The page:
Tuesday, 29 July 2014

The Moravian visual tradition

I have, somewhere or other, an extensive collection of photographs of paintings by John Valentine Haidt, and other Moravian imagery. I hope to post these images here in due course. Meanwhile, I attach some photos I took in the Moravian Archive, Bethlehem.

Gottlieb Creutzberg, Seelenrühe in den Wunden Jesu.

Gesangbuch. Appendix XI.

Inuit manuscript from Labrador.

The Creuzberg ("True soul's peace in the wounds of Jesus") is a Pietist text that once belonged to J.V. Haidt
Gottlieb Creutzbergs Wahre Seelen-Rühe in den Wunden Jesu, Oder Achtig Passions Andachten, über Das gantze Leiden und Sterben unsers Herrn und Heilandes Jesu Christi. Die fünffte Auflage, Dabey … noch eine Andacht von der Aufferstehung Christi beygefüget worden.--Leipzig : J. F. Gleditsch, 1733.
There is an engraved frontispiece and eighteen other engraved plates. The Moravians tend nowadays to treat the emphasis on the blood and the wounds as part of what made early Moravianism distinctive. But we see here that they were borrowing from an established and pervasive Pietist spirituality. As an example of Lutheran "blood and wounds" one might note J. S. Bach's Cantata no 199, Mein Herze schwimmt  in Blut--wonderful music for really rather repellent words. Here, in the frontispiece to Creutzberg, we see in illustration the words of William Blake's mother when she applied to join the Fetter Lane congregation: "I cling to the cross all night".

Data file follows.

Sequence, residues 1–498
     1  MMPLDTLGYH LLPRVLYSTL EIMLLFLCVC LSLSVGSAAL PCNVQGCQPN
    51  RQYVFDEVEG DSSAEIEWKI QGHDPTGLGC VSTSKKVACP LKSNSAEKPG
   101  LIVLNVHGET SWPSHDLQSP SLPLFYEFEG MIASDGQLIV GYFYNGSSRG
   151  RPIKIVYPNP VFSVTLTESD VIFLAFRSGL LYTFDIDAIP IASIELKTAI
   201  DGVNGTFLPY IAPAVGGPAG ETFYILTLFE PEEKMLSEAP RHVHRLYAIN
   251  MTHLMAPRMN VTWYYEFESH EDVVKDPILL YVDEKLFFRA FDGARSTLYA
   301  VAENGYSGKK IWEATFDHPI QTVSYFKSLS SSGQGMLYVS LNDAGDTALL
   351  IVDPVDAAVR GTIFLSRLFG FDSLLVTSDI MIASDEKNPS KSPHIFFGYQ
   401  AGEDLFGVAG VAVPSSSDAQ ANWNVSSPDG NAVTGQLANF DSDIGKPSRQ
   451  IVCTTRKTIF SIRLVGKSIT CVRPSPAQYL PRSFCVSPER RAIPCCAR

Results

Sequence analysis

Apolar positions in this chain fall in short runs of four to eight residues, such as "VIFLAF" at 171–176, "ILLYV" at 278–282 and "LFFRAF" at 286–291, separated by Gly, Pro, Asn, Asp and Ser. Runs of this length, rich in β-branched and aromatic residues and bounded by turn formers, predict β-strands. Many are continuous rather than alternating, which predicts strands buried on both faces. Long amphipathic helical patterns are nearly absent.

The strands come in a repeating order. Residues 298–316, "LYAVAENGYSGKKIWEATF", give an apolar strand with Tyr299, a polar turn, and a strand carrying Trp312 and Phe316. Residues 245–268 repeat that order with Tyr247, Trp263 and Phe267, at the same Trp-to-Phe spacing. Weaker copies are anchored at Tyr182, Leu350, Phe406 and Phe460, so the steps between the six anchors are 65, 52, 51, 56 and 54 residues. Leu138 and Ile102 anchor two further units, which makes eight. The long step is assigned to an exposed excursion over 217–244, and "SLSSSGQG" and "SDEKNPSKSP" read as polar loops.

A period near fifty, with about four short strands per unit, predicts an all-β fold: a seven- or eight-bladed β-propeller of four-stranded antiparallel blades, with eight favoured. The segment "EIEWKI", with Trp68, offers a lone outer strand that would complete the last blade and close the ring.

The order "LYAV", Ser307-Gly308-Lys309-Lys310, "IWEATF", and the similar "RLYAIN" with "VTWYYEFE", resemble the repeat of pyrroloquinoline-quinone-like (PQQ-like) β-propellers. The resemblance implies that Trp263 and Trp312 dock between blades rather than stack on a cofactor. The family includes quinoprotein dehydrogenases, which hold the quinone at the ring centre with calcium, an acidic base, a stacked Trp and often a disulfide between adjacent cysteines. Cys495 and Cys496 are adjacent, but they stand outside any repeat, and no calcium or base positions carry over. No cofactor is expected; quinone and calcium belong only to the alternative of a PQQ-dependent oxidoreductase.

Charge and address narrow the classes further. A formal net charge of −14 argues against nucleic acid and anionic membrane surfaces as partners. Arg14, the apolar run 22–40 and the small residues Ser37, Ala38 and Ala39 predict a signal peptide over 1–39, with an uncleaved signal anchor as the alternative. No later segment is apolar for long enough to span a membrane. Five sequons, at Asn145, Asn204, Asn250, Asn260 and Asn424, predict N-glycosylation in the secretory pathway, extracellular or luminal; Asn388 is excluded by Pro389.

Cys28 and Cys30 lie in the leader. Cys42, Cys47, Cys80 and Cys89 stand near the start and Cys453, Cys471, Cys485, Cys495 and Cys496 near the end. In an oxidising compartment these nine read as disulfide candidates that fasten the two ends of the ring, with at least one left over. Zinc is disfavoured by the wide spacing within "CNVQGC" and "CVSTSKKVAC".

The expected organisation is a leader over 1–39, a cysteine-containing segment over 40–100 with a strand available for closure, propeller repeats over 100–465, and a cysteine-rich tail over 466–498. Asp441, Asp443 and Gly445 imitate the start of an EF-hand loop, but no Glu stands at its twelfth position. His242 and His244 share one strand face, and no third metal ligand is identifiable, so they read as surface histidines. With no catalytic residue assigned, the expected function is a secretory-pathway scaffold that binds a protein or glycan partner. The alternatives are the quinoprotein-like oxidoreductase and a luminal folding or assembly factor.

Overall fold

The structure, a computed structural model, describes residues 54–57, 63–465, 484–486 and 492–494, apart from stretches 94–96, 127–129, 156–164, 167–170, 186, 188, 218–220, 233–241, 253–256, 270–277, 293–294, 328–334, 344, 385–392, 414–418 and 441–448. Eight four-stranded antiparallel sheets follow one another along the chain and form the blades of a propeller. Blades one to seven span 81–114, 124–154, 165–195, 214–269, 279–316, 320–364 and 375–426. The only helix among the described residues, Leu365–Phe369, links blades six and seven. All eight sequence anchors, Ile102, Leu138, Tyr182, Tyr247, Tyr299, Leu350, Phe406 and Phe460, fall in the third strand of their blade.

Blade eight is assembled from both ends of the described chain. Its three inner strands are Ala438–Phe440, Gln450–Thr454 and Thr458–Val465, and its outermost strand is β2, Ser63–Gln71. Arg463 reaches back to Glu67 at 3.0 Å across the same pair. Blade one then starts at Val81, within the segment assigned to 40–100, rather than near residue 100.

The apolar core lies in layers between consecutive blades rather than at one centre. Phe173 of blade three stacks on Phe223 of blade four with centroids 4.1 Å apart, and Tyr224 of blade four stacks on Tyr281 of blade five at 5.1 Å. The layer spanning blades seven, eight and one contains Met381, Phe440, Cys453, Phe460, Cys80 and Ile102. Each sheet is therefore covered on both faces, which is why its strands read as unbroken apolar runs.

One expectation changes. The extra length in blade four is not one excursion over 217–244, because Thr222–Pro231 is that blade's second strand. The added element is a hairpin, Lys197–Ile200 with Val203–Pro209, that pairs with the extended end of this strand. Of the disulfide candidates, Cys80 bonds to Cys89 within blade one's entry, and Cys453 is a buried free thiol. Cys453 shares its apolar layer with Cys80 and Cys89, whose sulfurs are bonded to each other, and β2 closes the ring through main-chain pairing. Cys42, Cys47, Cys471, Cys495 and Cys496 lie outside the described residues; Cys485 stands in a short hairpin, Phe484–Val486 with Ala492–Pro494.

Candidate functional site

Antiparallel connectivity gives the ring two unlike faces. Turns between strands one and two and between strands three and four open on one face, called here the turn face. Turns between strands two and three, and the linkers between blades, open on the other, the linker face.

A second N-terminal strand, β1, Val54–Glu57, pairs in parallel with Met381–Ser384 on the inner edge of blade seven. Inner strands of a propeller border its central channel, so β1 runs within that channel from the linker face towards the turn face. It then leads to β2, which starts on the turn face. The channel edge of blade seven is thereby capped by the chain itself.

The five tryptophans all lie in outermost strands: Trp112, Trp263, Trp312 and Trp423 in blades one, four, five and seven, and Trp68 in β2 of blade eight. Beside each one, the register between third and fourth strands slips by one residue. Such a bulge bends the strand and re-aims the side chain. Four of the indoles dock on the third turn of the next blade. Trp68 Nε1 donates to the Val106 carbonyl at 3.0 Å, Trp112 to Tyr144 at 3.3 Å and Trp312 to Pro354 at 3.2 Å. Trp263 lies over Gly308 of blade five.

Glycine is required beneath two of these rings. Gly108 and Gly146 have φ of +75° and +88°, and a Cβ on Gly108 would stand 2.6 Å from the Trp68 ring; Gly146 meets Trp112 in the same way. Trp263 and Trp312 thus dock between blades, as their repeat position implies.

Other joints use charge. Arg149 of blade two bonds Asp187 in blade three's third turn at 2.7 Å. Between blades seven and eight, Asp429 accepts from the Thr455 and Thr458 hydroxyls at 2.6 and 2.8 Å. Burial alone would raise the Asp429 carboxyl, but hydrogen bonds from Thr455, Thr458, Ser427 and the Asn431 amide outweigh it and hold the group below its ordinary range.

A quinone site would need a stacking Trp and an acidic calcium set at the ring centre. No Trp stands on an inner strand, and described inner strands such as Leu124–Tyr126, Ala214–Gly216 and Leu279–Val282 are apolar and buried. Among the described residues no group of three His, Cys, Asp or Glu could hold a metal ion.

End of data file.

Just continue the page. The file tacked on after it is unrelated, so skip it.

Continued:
The Gesangbuch shows a drawing by Haidt on the flyleaf of Appendix XI to the Moravians' German hymnal; there are very few drawings in Haidt's hand now surviving even though his paintings suggest extensive preliminary sketching. The resurrected Christ, with a Tau cross, has become a veritable fountain of redeeming blood.

The Labrador illustration shows a modified engraving pasted into an Inuit manuscript, the Redeemer's blood highlighted.

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